“A federal judge in Texas has largely halted an Obama administration initiative that grants work permits and protection from deportation to undocumented immigrants brought to the United States as children, though he allowed the more than 600,000 young people already in the program to keep their protected status,” the Washington Post reports.
“U.S. District Judge Andrew Hanen, a Republican appointee, sided with Texas and other states in his ruling that President Barack Obama (D) overstepped his executive authority when he created the program in 2012.”
President Biden criticized social media platforms like Facebook for spreading misinformation about the coronavirus and vaccines, as his administration has blamed them for stalling U.S. vaccine rates, NBC News reports.
Said Biden: “They’re killing people.”
Utah Gov. Spencer Cox (R) decried “propaganda” spread against coronavirus vaccines, warning that those discouraging immunization are “killing people,” the Washington Post reports.
Said Cox: “We have these — these talking heads who have gotten the vaccine and are telling other people not to get the vaccine. That kind of stuff is just, it’s ridiculous. It’s dangerous, it’s damaging, and it’s killing people. I mean, it’s literally killing their supporters. And that makes no sense to me.”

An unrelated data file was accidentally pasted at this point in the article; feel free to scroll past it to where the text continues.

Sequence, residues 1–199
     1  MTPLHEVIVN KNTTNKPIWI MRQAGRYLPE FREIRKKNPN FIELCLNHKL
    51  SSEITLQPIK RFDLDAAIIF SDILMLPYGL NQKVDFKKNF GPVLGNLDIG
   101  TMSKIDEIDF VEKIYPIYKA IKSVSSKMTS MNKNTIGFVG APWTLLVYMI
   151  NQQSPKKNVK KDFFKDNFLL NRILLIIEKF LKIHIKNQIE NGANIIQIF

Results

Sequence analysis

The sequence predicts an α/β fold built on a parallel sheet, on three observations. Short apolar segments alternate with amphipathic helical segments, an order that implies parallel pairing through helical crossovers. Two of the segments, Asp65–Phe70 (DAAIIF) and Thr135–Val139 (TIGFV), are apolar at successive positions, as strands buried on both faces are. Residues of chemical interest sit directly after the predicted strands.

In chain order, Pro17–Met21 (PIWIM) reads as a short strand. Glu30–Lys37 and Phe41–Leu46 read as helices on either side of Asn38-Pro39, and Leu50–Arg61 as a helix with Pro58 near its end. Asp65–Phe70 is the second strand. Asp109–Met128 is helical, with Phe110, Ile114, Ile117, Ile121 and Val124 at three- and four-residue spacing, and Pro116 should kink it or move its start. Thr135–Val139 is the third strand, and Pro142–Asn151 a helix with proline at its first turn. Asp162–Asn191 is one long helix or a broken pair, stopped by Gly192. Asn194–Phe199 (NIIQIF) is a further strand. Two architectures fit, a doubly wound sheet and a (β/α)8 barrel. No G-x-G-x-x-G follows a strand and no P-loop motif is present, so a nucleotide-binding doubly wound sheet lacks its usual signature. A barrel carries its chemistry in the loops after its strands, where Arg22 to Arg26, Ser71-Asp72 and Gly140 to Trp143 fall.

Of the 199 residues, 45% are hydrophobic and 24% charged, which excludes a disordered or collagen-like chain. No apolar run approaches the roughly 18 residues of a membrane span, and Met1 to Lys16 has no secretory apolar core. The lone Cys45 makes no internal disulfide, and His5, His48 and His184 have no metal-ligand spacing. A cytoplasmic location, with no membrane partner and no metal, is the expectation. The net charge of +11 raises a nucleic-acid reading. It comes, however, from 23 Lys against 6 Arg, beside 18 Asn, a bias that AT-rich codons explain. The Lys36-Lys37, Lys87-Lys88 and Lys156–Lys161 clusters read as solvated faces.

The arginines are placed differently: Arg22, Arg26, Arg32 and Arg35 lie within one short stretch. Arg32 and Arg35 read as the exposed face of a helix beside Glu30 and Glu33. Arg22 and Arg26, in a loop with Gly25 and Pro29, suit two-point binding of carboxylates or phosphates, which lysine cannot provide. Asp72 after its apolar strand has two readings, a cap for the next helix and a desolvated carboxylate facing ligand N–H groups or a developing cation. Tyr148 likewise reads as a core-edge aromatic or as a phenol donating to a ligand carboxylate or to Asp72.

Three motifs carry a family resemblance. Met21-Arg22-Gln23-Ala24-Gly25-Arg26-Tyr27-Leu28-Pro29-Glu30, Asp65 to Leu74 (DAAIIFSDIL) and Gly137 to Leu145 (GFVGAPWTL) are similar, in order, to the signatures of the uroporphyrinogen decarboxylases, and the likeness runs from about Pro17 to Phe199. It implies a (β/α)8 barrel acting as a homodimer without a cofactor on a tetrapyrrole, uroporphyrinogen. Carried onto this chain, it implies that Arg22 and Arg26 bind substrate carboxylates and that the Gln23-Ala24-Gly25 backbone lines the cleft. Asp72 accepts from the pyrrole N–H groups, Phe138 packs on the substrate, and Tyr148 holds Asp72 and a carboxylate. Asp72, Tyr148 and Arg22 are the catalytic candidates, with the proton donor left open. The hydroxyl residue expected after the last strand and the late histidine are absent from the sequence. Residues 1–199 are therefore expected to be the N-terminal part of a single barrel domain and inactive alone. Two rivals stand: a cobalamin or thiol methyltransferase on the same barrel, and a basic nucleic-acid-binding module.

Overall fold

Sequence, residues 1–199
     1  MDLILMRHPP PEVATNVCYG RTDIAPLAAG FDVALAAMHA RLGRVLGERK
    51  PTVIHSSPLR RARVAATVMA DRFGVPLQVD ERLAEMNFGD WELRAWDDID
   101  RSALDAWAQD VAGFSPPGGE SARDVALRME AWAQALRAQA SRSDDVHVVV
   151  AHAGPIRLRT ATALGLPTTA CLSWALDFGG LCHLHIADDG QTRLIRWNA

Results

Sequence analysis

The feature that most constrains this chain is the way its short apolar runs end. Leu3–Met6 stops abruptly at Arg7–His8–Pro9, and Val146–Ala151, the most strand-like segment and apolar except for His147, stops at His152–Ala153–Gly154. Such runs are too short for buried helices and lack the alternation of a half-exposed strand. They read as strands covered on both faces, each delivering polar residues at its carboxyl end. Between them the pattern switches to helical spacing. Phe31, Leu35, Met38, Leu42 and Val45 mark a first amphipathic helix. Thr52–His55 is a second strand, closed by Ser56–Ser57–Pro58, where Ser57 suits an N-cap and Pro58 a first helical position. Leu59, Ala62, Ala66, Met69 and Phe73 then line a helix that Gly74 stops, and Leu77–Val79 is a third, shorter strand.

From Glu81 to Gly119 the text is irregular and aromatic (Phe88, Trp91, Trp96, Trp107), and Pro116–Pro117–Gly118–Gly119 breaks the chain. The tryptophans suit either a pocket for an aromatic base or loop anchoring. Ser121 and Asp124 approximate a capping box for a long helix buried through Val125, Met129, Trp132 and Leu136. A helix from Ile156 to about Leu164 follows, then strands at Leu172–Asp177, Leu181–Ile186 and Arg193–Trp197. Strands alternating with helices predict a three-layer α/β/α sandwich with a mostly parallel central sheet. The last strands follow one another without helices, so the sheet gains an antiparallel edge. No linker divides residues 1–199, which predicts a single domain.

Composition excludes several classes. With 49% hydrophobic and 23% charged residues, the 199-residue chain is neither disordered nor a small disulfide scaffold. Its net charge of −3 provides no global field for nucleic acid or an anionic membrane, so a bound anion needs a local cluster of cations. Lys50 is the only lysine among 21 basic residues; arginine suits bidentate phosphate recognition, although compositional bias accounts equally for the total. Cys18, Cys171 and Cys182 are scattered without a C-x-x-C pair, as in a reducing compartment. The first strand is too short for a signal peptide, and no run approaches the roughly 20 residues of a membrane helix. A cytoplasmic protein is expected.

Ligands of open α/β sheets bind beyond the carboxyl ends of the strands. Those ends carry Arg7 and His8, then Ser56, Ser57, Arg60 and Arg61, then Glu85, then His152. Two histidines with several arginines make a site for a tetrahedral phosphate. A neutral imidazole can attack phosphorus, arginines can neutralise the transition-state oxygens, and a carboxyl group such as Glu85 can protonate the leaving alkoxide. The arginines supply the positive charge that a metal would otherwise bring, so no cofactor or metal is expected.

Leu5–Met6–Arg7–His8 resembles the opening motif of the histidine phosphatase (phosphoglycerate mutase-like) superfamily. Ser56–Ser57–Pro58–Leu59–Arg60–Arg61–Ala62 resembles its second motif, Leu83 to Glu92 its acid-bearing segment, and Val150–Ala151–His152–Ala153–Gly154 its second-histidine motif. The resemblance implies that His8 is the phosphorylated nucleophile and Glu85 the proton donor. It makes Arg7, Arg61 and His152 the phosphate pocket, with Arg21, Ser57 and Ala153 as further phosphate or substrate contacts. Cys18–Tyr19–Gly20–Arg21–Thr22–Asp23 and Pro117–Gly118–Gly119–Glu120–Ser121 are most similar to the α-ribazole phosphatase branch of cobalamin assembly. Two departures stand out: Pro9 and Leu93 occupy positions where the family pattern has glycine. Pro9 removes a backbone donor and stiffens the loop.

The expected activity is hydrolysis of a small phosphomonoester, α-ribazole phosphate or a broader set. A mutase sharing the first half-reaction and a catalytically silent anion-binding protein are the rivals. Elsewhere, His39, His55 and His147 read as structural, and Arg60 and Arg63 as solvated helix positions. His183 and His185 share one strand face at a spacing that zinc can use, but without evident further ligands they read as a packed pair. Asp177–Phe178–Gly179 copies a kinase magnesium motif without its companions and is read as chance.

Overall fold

Bloomberg: “For the month of June, coronavirus was responsible for 337 deaths a day. For comparison, the historic average deaths from gunshots, car crashes and complications from the flu add up to 306 a day.”
It’s time for Vaccine IDs and penalties. If you want to leave your house, you must be vaccinated. If you leave your house and you are unvaccinated, you will be arrested or fined.
French president Emmanuel Macron announced on Monday that a proof of vaccination would soon be needed for citizens to access restaurants, cafes, cinemas, train stations, airports and public events. Since then, more than 2.2 million vaccination appointments have been booked in less than 48 hours.
Enough of the coddling of the Ignorant yet Arrogant.
Former President Donald Trump said in a statement that if General Mark Milley said what was reported — that he felt Trump might stage a coup after he lost the election— “perhaps he should be impeached, or court-martialed and tried.”Of course, generals are not impeached, unlike Trump, who was impeached twice.
“The pandemic has pushed global government debt to the highest level since World War II, surpassing the world’s annual economic output. Governments, especially in rich countries, are borrowing still more, partly to erase the damage of Covid-19,” the Wall Street Journal reports. “Advocates say the spending, also encouraged by new economic thinking about debt, could usher in a period of robust global growth, reversing the malaise many wealthy countries have felt this century. But if those theories are off-base, the world could be saddled with debts that can be absorbed only via inflation, high taxes or even default.”
“The Justice Department sought the email records of three Washington Post reporters the day before William P. Barr stepped down as attorney general in a last-ditch effort to identify who had told the newspaper about conversations between Trump campaign officials and the Russian ambassador,” the New York Times reports.